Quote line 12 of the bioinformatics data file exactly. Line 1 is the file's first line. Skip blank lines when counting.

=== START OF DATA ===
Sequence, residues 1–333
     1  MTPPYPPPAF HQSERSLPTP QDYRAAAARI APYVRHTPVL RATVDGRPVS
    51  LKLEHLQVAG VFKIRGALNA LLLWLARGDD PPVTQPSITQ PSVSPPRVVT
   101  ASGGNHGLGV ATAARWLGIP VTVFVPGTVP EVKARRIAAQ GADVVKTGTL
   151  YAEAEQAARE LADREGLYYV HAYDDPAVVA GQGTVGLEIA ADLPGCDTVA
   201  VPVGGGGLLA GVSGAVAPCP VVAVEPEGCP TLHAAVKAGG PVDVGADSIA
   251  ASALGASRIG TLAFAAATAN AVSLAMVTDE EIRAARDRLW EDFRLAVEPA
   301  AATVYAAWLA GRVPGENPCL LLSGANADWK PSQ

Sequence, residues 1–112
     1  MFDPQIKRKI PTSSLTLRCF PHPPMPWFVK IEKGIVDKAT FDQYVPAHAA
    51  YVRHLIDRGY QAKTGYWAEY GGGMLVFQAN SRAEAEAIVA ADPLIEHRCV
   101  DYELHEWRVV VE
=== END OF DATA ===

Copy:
   101  DYELHEWRVV VE